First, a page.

What We’re Reading

Degree paybacks:

Computer science and engineering majors between the ages of 23 and 25 who were working full time earned an average of $61,744 in 2017, according to the Census Bureau’s American Community Survey. This was 37 percent higher than the average starting salary of $45,032 earned by people who majored in history or the social sciences (which include economics, political science and sociology). Large differences in starting salary by major held for both men and women.

Men majoring in computer science or engineering roughly doubled their starting salaries by age 40, to an average of $124,458. Yet earnings growth is even faster in other majors, and some catch up completely. By age 40, the average salary of all male college graduates was $111,870, and social science and history majors earned $131,154 — an average that is lifted, in part, by high-paying jobs in management, business and law.

Odds:

..you don’t win by predicting the future; you win by getting the odds right. You can be right about the future and still not make any money. At the racetrack, for example, the favorite horse may be the one most likely to win, but since everyone wants to bet on the favorite, how likely is it that betting on the favorite will make you money? The horse to bet on is the one more likely to win than most people expect. That’s the one that gives you the best odds. That’s the bet that pays off over time.

Health insurance:

The cost of family health coverage in the U.S. now tops $20,000, an annual survey of employers found, a record high that has pushed an increasing number of American workers into plans that cover less or cost more, or force them out of the insurance market entirely.

“It’s as much as buying a basic economy car,” said Drew Altman, chief executive officer of the Kaiser Family Foundation, “but buying it every year.” The nonprofit health research group conducts the yearly survey of coverage that people get through work, the main source of insurance in the U.S. for people under age 65.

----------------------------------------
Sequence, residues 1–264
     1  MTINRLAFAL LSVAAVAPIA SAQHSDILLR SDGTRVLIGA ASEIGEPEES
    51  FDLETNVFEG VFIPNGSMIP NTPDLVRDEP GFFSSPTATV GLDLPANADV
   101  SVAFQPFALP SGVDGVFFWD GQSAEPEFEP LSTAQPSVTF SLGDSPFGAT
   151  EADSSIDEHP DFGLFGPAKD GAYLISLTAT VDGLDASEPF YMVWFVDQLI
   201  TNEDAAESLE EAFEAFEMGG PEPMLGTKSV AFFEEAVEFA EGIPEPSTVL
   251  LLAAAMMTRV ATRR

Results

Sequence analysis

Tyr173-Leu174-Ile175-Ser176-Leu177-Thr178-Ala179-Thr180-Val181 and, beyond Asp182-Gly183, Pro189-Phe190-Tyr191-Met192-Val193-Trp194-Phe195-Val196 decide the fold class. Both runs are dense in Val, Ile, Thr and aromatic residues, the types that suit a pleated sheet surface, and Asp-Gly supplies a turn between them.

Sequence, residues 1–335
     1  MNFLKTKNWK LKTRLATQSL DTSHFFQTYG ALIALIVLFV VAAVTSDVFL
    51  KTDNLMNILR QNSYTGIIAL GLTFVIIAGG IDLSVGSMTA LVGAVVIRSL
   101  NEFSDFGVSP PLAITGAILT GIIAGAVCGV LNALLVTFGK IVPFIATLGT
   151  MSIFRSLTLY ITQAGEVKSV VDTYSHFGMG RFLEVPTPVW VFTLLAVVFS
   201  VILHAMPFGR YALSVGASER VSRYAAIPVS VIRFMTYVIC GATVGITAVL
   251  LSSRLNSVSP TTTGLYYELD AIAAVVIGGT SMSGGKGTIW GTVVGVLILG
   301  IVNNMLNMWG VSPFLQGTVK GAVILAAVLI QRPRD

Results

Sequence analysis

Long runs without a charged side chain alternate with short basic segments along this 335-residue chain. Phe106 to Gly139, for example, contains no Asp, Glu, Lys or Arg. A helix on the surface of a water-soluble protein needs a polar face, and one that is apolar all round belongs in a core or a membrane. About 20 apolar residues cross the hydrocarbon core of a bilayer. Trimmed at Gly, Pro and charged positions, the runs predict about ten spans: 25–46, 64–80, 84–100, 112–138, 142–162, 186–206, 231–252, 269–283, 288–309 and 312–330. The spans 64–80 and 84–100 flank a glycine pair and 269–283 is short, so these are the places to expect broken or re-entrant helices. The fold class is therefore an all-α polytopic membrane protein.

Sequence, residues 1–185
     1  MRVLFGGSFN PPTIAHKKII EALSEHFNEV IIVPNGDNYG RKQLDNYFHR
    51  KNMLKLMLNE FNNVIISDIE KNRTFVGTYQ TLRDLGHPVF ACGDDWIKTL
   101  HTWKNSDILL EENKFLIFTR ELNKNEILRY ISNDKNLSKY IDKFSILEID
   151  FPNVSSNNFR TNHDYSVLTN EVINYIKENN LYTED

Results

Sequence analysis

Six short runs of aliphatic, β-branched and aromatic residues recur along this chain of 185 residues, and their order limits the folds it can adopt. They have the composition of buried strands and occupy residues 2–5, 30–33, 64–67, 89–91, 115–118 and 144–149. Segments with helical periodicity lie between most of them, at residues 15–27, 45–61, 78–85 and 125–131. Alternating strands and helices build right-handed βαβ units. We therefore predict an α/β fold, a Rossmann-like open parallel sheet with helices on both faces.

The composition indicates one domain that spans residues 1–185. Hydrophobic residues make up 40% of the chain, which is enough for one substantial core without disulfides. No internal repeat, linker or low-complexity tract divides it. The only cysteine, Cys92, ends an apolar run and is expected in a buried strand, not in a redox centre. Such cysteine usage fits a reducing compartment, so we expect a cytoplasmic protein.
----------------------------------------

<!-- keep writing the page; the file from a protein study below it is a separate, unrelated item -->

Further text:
Health spending:

HALF THE U.S. population makes almost no use of the health care system each year. The Kaiser Family Foundation says these folks account for just 3% of total annual health care spending, averaging $276 per person.

Earnings growth:

For the rich and poor alike, the economists found that “the bulk of earnings growth” happens in the first 10 years of work, typically between the ages of 25 and 35. During the next decade of their career, men can expect smaller raises overall.

After 45, those in the bottom 90 percent of lifetime earners see their earnings decline as a group, in part because people often start cutting back their hours around that time, especially if they do manual labor for a living. Meanwhile, even 1 percenters only see relatively minor pay bumps after middle age.

Bill Gates’ regrets:

“I feel pretty stupid that I don’t know any foreign languages,” Gates said Wednesday in an online Reddit chat.

“I took Latin and Greek in high school and got A’s and I guess it helps my vocabulary but I wish I knew French or Arabic or Chinese,” he said. “I keep hoping to get time to study one of these – probably French because it is the easiest. I did Duolingo for a while but didn’t keep it up. Mark Zuckerberg amazingly learned Mandarin and did a Q&A with Chinese students – incredible.”

Have a good weekend.


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